Many motorists think they carry “full coverage”, but full coverage doesn’t actually exist — it is a term often used to refer to the combination of the following types of coverage:
State-required liability or Personal Injury Protection (no-fault insurance) coverage – covers bodily injury and property damages to others in an accident you cause.
Collision coverage – pays for damages to your vehicle in the event of an accident.
Comprehensive coverage – covers vandalism, theft, and other damages not caused by an accident.
Liability coverage protects you if you are at fault for an accident and you injure someone or damage someone’s property. It also provides you with legal defense if the other party files a lawsuit against you. There are two parts to liability coverage: bodily injury liability and property damage liability. They are considered to be mandatory types of car insurance for most states. Liability coverage doesn’t pay for damage to your own car or costs related to your own injuries from an accident you cause.
Personal Injury Protection
Available in certain states and pays medical expenses, and in some cases, loss of income, essential services, accidental death, funeral expenses, and survivor benefits, regardless of who is at fault in an automobile accident.
Comprehensive coverage protects you against losses caused by covered events not related to a collision. These events often include storms and natural disasters, such as a tornado or a hurricane, falling objects, theft, vandalism, or animal damage.
If the vehicle is stolen or considered a total loss after an incident, the maximum amount you would receive is the actual cash value of your vehicle, minus the deductible you have for comprehensive coverage.
Collision coverage will help pay for any damages if you are involved in an accident due to a collision – that could include another vehicle or object. This coverage only covers your vehicle and gives you the broadest protection. It guarantees your vehicle will be covered regardless of what caused the damage.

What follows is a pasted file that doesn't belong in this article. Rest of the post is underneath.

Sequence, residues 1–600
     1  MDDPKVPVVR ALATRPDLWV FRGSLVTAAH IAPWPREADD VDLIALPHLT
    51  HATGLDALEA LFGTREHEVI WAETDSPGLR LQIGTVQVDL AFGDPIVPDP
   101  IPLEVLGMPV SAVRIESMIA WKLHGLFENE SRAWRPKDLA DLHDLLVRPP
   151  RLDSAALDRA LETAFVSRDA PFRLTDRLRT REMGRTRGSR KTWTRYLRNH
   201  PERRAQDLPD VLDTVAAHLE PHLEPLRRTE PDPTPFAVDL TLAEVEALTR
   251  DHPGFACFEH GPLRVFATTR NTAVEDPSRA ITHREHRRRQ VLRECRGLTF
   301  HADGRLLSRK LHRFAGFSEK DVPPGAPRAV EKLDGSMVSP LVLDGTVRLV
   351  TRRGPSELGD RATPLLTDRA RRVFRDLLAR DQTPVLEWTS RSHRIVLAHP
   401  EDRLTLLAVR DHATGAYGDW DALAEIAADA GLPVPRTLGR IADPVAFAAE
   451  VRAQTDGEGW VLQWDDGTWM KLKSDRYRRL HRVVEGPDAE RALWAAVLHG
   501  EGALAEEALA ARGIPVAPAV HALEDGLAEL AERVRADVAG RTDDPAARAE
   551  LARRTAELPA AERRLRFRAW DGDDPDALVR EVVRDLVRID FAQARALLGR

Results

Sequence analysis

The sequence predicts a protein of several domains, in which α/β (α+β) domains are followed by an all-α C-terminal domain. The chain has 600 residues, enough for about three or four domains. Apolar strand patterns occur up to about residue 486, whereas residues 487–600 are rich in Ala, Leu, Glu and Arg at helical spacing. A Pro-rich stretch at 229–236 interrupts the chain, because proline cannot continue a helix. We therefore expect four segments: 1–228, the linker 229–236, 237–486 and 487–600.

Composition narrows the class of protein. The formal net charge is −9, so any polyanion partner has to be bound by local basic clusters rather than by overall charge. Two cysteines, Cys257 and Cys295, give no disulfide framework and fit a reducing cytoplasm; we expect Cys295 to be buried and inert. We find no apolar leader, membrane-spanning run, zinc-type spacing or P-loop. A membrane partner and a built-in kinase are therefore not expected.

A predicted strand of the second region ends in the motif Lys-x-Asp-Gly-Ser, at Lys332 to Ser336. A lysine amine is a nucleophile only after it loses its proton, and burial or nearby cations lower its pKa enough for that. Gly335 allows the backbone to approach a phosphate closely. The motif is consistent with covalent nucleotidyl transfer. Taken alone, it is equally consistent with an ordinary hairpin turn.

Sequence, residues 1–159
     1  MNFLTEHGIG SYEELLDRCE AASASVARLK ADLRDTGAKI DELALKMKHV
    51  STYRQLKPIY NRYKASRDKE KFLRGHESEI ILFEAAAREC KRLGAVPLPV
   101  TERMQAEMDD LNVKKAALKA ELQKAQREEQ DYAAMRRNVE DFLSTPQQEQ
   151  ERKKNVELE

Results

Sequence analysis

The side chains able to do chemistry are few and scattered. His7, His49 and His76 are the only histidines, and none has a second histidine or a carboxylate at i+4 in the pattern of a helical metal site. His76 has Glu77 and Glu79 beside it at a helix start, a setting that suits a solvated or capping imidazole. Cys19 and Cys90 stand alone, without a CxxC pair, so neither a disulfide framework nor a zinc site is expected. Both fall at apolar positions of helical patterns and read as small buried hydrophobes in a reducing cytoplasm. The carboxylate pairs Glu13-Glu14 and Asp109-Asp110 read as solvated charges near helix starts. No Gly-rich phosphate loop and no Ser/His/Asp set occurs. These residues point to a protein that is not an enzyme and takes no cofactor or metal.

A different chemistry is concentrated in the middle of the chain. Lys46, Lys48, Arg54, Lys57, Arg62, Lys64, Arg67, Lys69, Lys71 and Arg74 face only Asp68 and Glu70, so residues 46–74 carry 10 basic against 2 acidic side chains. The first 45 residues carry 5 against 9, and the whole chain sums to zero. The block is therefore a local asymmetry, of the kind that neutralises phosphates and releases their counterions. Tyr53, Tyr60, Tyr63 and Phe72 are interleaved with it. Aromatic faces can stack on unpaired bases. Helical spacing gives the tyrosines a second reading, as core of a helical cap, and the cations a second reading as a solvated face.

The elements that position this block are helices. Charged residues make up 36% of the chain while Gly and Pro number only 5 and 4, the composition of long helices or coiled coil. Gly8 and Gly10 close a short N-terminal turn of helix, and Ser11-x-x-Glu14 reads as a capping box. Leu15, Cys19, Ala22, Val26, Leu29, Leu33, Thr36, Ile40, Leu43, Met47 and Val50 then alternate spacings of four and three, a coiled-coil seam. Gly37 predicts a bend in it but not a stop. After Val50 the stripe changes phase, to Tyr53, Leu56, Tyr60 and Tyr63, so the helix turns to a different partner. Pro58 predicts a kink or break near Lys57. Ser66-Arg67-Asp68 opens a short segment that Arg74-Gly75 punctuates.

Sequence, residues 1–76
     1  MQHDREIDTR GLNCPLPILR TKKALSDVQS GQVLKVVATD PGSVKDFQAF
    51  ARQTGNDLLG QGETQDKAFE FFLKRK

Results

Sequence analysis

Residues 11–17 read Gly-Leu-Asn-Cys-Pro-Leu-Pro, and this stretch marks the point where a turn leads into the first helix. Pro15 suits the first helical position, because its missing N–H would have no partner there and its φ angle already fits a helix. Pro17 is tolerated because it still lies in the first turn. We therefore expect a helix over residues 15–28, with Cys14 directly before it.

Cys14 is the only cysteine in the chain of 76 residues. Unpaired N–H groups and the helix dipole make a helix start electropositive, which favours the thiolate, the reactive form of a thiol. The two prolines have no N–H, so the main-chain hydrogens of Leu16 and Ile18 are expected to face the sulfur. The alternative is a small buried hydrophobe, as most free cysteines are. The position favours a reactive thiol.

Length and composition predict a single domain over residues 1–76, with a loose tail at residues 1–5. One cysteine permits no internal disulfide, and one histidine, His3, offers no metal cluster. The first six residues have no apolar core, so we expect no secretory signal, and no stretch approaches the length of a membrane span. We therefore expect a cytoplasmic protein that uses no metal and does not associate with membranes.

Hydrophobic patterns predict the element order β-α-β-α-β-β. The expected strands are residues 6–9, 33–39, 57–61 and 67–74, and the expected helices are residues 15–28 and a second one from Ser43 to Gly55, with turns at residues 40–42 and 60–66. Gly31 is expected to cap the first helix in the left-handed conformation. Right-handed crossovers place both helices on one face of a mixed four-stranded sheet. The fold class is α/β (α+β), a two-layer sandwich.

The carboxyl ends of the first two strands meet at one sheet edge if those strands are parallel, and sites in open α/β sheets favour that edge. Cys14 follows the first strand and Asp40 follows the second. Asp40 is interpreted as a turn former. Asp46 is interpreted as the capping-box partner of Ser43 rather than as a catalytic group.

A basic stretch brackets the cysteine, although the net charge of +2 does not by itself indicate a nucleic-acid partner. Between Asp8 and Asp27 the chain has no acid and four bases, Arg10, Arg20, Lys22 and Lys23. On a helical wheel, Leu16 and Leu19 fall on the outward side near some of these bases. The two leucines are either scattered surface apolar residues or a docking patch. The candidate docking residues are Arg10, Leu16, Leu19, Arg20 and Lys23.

NOTE: If your car is damaged in a hit-and-run incident, you will usually be covered under collision coverage. However, this may not apply in no-fault states.
There are a variety of optional types of auto insurance coverage you can add to increase your level of protection.
Uninsured and underinsured motorist coverage
pays for the policyholder’s injuries and property damage caused by a hit-and-run driver or a motorist without liability insurance. It will also pay when medical bills and car repair bills are higher than the other driver´s liability coverage. Drivers who have filed an SR -22 insurance form typically only carry minimum liability limits.
Medical payments coverage
pays for covered medical expenses up to policy limits for this coverage for anyone injured in your vehicle – regardless of who is at fault. It also covers you and your family members who might be involved in an accident as a pedestrian.
pays for covered towing and labor costs if your vehicle is disabled, up to your policy limits.
Rental car reimbursement
pay for a rental car if your car is damaged in a covered accident and your car is out of service for longer than 24 hours.
The bottom line – full coverage means different things to different people – you must decide what combination of coverages you need to feel you have full coverage.